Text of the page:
From: Jordan Hubbard Subject: Resignation from FreeBSD core team Date: Mon, 29 Apr 2002 13:55:05 -0700 Guys, After giving it a fair bit of thought over the last few weeks, I have decided to step down from core. I am doing this for a variety of reasons, any one of which would probably be sufficient grounds in and of its own and, taken in combination, certainly constitute ample justification for doing so: The first and certainly foremost reason is a lack of time and energy. I simply no longer have the time to devote to doing what I would consider an adequate job of being a responsible core member and the "honorable" thing to do in such cases is clearly to step down and let the next election hopefully sweep someone else with more time and energy into the position. Another reason, and I hate to say this but it probably needs saying, is that being in core is honestly not what it once was. For a old-timer like myself, who was used to a core team that was far more cohesive and generally on the same page, it's simply a painful experience a lot of the time. Perhaps this is due to overly rose-colored recollections of the old core on my part, and I do certainly recall us having more than our share of disagreement and inefficiency in the past, but on the balance core still feels too much like the pre-WWII Polish Parliment sometimes, where we're fully capable of arguing some issue right up to the point where tanks are rolling through the front door andd rendering the wthe front door andd rendering the whole debate somewhat moot. I'm also not blaming this on the democrmoot. I'm also not blaming this on the democratic modehole debate somewhat moot. I'm also not blaming this on the democratic model we've adopted, a stance which would be hypocritical at best since I'm one of the folks who argued strongly in favor of it, but I guess it's going to take a few more iterations before we get it right. It will also probably be a lot easier for truly new people who don't have a lot of preconceived notions of what core is to make that happen. Finally, it also bears noting that while being part of the FreeBSD project is many things, it should always be "fun" to at least some degree for its participants or there's really not much point in being involved. Being in core, where one gets to deal almost solely with conflict resolution and bureaucracy, is not fun in any sense of the word and while being in core constitutes the bulk of my involvement, without any cool development work (which I also haven't had time for) to counter-balance it, it simply leaves me with less and less enthusiasm for FreeBSD. Better to pull the ejection handle now than to let things get to the point to where I'm simply bitter and annoyed ALL of the time vs merely some of the time. :-) While my time has been very limited lately, I hope to get back to a point where I can start actively contributing to FreeBSD again, and the best place for me to make those contributions is not in core. I would therefore like to officially tender my resignation and request that I be removed from the core mailing list at the earliest opportunity. Thanks! - Jordan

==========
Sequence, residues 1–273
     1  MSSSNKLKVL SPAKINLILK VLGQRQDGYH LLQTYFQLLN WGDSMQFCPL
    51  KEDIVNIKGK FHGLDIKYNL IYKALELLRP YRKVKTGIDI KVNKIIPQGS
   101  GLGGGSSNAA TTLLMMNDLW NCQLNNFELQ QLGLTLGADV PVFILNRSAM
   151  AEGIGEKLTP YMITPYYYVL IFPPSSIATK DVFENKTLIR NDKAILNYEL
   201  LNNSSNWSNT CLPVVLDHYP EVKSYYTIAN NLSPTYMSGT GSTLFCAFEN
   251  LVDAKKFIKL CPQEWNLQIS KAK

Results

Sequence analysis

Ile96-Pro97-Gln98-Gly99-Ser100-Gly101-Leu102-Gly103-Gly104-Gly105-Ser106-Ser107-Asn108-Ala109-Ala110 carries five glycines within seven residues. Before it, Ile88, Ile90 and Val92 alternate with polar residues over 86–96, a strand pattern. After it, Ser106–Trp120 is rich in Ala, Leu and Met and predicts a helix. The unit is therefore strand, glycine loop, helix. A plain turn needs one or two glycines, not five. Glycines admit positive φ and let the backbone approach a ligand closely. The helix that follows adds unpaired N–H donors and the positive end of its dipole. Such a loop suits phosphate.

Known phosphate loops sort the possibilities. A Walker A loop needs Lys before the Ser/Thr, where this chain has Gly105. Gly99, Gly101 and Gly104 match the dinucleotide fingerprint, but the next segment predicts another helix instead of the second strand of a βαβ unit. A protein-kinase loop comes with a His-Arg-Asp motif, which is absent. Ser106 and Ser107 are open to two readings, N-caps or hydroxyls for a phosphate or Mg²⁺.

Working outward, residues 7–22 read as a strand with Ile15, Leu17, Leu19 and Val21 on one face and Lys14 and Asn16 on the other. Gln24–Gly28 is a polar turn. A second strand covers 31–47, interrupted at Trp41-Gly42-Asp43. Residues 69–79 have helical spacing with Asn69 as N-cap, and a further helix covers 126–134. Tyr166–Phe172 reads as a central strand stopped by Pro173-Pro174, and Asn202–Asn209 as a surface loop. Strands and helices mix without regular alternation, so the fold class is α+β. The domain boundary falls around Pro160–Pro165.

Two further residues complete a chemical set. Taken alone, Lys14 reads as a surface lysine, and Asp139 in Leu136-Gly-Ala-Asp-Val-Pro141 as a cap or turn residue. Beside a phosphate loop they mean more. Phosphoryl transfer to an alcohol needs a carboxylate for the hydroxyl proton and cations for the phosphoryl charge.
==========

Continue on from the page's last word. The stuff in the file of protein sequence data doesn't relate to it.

From: Jordan K. Hubbard Subject: My resignation as president of the FreeBSD Project. Date: 1997/02/05 This short notice is just to announce my resignation as President of the FreeBSD Project, effective immediately, coinciding with the elimination of that position. This is entirely my own decision and was not prompted by anyone on the core team - if anything, they will probably be as surprised as anyone at the news (except for David & John D., with whom I've already discussed the matter). I do this for several reasons, all equally important: 1. The position of President has always been somewhat at-odds with our democratic core team structure and purely titular since to give the president any real "power" would also destroy the carefully balanced dynamic of core, and that would hardly be a desirable outcome. The reason the position of "President" was originally created at all was to give ISVs and other corporate contacts a more official-sounding person to talk to, and while this has been valuable to a certain extent I don't think that it's quite proven useful enough to justify the further existance of the position. As it is, it only creates the illusion of a "super core member", which the president is not, and creates false expectations of authority. 2. The president is generally assumed to be talking for FreeBSD at all times, depriving the wearer of that particular thorny crown of the right to voice strong opinions or otherwise be outspoken without damaging the reputation of the project. I'm not a punch-pulling kind of guy (as you no-doubt already guessed) and I almost certainly never will be, so it's time for me to have my own voice back and be able to talk to people without it being taken as implicit that I'm somehow speaking for all of core. If being "presidential" also means constantly turning the other cheek then I'll never be presidential enough and it's just not an adjustment I care to make (I'm not that kind of person) so I should step down from that responsibility. 3. Dropping back to core team status will make it easier for me to shed additional FreeBSD responsibilities, should I decide that I need to do that in the future, and get some semblance of a life back. I've been doing this for 4 years now and I'm tired. Just how tired I will need to evaluate before making any further decisions, but at least the burden of this artificial position will no longer be mine. It will, in fact, be no ones' and I think this is a vast improvement. In discussions with David and John, it was also expressed that the position was never really that popular with the core team and that my stepping down should coincide with the complete elimination of an unnecessary and somewhat flawed position, and so it will be. So, as of now the FreeBSD Project now longer has a President. It is run purely by the core team, as it always was in truth, and now I'm just the PR guy, release engineer and plain old run-of-the-mill core team member. As if that wasn't enough. :-) Jordan